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Tools and guides

Using latrines

An introduction to different kinds of latrines with discussion questions for groups

2005 Available in English, French, Portuguese and Spanish

Pillars magazines on a desk

From: Pillars guides

Practical, discussion-based learning on community development for small groups

If people do not have access to latrines, then burying faeces in the ground is a simple step that will improve hygiene. It will reduce people’s risk of contact with faeces.

Building and using latrines is a really important way of reducing the risk of spreading microbes and worms among our family and neighbours. They also improve household well-being and safety, especially for women and children. Families should be able to take pride in their latrine, knowing how much using a latrine will improve their family’s health.

Using latrines will prevent flies, pests and animals having any contact with faeces so they cannot spread microbes into our homes, food or children. It is important to keep latrines clean, so that people will want to use them. The floor can be washed regularly with soapy water left over from washing. Place a tippy tap and soap by the entrance for hand washing.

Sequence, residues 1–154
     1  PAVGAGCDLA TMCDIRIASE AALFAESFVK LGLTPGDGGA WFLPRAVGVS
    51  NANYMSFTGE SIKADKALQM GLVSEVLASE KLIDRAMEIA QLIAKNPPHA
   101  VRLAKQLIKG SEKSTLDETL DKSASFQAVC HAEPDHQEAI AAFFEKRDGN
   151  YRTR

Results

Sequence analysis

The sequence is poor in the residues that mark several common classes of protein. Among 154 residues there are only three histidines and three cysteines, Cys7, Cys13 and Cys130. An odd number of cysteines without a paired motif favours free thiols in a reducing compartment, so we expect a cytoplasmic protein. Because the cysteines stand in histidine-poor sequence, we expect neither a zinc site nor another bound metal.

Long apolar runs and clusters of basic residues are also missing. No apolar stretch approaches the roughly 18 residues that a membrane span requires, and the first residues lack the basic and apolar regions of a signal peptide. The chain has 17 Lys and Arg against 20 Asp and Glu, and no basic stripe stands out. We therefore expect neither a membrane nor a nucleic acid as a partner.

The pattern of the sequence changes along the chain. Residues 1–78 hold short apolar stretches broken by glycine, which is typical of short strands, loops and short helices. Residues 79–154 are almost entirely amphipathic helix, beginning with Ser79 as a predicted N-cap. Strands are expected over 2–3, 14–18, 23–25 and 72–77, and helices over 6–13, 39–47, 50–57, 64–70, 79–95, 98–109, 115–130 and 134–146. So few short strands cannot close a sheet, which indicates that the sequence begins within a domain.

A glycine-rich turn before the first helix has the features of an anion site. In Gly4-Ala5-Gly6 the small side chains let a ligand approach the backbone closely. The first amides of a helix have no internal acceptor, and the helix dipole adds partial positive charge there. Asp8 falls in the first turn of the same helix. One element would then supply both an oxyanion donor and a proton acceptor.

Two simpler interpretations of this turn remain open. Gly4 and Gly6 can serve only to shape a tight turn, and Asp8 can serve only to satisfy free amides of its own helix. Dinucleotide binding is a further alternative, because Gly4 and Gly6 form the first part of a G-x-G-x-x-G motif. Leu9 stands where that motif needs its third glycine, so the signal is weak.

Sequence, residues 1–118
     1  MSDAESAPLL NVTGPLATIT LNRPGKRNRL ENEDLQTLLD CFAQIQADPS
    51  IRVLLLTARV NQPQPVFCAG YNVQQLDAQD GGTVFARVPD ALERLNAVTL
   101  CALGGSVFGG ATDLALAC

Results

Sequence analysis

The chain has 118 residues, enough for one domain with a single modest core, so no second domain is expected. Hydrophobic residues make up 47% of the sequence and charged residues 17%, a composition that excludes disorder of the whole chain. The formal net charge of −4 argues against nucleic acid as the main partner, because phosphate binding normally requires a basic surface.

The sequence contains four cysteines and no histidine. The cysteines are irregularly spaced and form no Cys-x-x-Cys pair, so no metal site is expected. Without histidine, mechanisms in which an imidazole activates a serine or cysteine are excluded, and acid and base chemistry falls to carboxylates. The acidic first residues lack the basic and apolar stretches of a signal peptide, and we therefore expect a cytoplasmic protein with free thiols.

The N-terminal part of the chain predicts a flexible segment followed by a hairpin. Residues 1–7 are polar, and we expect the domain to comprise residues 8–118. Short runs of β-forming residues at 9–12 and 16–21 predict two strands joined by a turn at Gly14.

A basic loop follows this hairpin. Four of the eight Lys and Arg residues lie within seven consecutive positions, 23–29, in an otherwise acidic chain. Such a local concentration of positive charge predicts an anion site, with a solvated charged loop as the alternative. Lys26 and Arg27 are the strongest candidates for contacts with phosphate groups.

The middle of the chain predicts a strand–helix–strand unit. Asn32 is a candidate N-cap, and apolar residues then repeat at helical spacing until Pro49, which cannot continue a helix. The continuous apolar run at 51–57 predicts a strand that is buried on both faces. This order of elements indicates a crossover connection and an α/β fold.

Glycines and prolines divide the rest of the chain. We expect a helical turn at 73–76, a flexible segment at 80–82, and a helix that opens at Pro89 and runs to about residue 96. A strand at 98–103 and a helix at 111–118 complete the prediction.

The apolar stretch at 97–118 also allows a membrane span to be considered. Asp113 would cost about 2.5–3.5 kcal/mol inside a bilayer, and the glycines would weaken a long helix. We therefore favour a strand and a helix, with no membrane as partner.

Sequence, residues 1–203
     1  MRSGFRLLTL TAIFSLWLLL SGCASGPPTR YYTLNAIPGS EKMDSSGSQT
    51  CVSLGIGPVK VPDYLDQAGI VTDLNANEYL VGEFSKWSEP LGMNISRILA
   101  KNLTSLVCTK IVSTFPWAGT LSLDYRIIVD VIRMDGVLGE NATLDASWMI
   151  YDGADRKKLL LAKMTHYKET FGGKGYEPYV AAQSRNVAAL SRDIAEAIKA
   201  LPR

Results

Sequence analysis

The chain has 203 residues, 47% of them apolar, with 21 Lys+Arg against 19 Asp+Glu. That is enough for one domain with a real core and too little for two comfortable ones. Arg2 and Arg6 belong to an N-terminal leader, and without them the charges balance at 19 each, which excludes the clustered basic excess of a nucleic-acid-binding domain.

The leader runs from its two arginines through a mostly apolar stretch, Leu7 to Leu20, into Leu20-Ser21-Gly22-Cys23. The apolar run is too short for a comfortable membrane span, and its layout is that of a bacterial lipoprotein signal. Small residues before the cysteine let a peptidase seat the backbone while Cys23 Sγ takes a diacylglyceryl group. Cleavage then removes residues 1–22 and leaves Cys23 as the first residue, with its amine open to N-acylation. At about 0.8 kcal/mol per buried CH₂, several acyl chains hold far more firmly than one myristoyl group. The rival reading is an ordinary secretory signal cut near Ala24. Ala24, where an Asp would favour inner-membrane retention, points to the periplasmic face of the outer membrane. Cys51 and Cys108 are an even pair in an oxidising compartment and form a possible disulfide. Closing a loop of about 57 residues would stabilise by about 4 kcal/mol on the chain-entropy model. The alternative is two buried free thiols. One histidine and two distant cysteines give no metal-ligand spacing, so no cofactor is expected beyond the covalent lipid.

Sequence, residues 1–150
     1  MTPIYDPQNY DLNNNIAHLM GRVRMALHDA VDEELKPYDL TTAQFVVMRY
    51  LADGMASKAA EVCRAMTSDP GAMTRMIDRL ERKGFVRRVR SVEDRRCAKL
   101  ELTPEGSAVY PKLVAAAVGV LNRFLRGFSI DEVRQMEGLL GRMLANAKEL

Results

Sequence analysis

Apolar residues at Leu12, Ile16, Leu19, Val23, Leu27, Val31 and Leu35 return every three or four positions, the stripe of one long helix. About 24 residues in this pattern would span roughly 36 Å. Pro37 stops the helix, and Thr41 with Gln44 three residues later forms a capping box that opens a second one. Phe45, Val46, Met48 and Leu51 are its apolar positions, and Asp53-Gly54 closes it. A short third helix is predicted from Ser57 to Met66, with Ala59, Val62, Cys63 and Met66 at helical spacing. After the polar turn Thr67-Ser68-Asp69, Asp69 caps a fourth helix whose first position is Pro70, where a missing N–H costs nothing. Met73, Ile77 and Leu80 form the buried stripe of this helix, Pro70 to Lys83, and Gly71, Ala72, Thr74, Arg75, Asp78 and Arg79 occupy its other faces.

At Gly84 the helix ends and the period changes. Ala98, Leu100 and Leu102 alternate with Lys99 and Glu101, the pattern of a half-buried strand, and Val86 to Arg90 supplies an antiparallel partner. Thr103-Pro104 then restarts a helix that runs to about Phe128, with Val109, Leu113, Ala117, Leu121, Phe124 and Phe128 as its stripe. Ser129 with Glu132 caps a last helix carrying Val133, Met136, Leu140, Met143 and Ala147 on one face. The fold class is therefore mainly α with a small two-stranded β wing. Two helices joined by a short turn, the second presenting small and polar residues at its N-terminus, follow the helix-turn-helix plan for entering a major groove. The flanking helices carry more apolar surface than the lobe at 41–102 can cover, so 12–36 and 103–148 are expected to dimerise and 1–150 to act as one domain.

There are several types of latrine. These include ordinary pit latrines, VIP latrines that control bad smells and flies, and water seal latrines that use water to flush. Composting latrines speed up the breakdown of faeces into safe compost, by separating urine and keeping faeces dry. The urine is mixed with water and used for plants. Soil is mixed with the faeces and the pit sealed for at least a year when full. Then it will be safe to use as compost.


  • Most people have experiences of using bad latrines they would rather forget! What kind of problems have people experienced with using latrines? What are some of the benefits?
  • What type of latrines are used in our area?
  • What kind of people usually have household latrines?
  • Do men use the latrine or do they consider them only for women and children?
  • Does the safety of young girls and women need to be considered when planning latrines?
  • Who is responsible for repairing and cleaning latrines?
  • Do people in our community use a latrine at night? If not, what do they do?
  • Does anyone have any experience of using composting latrines? In some cultures it may not be acceptable to use human faeces as compost even after several years. What would be the advantages of using composting toilets? Where could we get more advice about these?
  • Plan a short role-play about a visitor who shares a meal with a family and then wants to use a latrine. The family do not have one. Show their embarrassment at having to explain this. How could the role-play end positively?
Illustration of a woman standing in the doorway to a toilet with a hand-washing basin on the side.

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